Friday, July 1, 2011

English is no lingua franca in Europe

English is no lingua franca in Europe
Sakaal Times
Saturday, June 18, 2011 AT 06:01 PM (IST)
Tags: English language,   Europe,   France,   Camil Parkhe
Travelling from Rome to Venice in a bullet train, I was talking to my daughter when a senior citizen asked me in which language I was speaking. "English, of course,” I replied, embarrassed that due to my accent he had not understood the language. “No, no, I mean which is your native language,” the fellow passenger said. Relieved, I told him that we were from India and that Marathi was our mother tongue and Hindi the national language.
My answer aroused his curiosity. "Then, how come you are conversing among yourselves in English" was his next question. He was an Australian and English was his mother tongue. He was surprised that we Indians, located far from the Britain, had accepted English as the lingua franca. I understood him. Both of us were touring Europe and having hard time striking conversation with the locals. It was difficult to find a person who could speak English in France and Italy.
On our flight from Mumbai to France, the announcements were in French, English and an unknown language, although a French airhostess greeted me with a "namaste." Our communication problems began as soon as we landed at the Charles de Gaul airport in Paris. Barring emigrants from other continents settled in Paris and Italy, the local people had absolutely no knowledge of English. I realised that they did not just feign ignorance of English. I had desperately needed a chord used for transferring photos from camera to the computers and spent hours in many shops trying to convey my need with gestures and some English words but in vain. At Rome railway station, there was no English speaking person who could tell me the timing of the train to the local Leonardo da Vinci airport. Exasperated, I stood in a long queue at the railway reservation section and after reaching the counter half an hour later, asked the booking clerk the timing of the particular train. When she replied, I said "Thank you, Ma'm" and walked out without reserving tickets. On another occasion, I was overjoyed when in a supermarket I read a board, "We speak English."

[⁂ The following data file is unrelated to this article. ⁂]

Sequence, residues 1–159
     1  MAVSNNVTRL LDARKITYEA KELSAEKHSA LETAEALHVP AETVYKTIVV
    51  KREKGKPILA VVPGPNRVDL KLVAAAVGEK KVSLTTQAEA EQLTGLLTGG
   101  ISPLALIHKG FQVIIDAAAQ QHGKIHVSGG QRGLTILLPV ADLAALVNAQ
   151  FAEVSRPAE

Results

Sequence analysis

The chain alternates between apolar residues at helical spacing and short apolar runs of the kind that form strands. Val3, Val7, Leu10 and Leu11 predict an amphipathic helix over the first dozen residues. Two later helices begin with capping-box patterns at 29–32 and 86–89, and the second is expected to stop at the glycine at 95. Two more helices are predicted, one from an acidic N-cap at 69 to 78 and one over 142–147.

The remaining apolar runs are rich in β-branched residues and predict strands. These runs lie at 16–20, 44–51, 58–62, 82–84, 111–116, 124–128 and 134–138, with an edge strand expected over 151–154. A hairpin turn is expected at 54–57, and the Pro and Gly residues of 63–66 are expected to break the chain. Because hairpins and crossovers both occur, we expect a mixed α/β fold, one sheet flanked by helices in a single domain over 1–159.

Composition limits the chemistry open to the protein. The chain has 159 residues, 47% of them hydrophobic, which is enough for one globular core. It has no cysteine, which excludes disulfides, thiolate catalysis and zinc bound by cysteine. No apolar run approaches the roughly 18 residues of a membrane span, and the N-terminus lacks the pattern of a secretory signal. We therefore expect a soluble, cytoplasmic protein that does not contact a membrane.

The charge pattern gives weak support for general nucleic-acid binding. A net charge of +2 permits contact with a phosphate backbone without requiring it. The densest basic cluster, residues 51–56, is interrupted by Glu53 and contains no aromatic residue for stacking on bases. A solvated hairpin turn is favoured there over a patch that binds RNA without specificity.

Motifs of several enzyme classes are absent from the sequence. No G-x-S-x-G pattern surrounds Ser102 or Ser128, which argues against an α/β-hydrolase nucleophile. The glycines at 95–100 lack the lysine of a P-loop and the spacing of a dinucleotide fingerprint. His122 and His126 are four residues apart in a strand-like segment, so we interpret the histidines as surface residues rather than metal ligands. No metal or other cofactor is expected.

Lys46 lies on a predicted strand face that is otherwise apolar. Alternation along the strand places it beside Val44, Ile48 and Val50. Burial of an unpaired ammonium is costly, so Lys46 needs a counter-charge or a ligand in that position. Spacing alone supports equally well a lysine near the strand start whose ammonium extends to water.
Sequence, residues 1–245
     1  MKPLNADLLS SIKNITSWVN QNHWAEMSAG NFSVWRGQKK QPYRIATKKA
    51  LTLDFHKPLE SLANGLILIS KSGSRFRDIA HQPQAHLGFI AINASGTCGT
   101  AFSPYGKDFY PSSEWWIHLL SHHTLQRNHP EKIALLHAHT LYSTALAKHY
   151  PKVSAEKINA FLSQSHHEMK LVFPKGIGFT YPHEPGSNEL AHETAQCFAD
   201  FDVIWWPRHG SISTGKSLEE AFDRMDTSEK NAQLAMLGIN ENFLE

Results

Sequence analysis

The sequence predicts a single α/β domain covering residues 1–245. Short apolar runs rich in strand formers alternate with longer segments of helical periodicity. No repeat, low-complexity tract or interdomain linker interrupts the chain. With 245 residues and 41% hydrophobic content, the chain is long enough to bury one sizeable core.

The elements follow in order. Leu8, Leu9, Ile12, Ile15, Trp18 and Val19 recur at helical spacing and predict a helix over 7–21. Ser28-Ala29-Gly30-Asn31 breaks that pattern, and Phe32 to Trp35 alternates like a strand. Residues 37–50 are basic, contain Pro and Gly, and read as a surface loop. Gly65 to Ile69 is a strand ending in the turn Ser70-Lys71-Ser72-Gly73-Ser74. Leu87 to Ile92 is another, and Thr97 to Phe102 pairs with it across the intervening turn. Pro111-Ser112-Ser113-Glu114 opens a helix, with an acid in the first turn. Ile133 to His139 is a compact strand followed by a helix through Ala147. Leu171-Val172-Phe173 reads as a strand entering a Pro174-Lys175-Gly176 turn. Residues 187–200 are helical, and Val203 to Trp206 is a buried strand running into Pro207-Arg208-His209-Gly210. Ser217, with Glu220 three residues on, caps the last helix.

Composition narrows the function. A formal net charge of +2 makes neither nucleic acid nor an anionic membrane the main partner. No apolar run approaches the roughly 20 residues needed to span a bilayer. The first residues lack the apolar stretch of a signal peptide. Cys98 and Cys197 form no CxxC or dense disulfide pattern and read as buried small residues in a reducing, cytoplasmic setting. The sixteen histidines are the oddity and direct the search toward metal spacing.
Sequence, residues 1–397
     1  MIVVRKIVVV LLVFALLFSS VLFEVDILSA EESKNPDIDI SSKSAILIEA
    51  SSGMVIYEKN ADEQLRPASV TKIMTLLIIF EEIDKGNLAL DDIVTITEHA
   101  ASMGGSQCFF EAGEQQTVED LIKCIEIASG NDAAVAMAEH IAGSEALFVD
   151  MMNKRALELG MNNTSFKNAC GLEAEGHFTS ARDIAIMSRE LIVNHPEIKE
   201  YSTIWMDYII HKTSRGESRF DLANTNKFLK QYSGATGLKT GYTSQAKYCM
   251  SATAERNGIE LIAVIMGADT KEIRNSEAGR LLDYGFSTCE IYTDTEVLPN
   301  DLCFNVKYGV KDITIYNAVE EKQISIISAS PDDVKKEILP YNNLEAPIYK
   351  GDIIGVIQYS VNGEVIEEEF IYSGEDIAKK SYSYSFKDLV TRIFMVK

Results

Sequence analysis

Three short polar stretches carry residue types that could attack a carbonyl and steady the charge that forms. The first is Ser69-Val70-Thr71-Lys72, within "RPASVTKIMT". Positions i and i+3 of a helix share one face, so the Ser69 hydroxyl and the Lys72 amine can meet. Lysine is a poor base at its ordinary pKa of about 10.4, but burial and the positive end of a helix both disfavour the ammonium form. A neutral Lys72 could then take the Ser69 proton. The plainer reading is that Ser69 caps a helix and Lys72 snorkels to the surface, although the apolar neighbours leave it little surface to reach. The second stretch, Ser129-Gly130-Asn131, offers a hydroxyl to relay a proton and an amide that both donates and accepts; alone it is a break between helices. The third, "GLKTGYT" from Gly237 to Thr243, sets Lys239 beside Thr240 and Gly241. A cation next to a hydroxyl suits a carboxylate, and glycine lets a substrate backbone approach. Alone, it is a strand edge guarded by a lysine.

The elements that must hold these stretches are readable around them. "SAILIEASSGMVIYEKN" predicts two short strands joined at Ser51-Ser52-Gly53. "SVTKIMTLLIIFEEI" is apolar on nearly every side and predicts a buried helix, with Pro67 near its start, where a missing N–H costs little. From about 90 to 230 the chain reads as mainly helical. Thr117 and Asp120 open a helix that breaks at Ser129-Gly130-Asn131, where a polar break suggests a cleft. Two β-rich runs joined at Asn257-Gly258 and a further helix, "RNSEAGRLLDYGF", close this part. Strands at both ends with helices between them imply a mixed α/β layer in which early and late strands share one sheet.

It is amazing that common people in countries like France, Italy, Germany do not understand English. What is more amazing that this has not hindered their progress in any field. We in India have concluded that knowledge of English is must for individual and national progress. 

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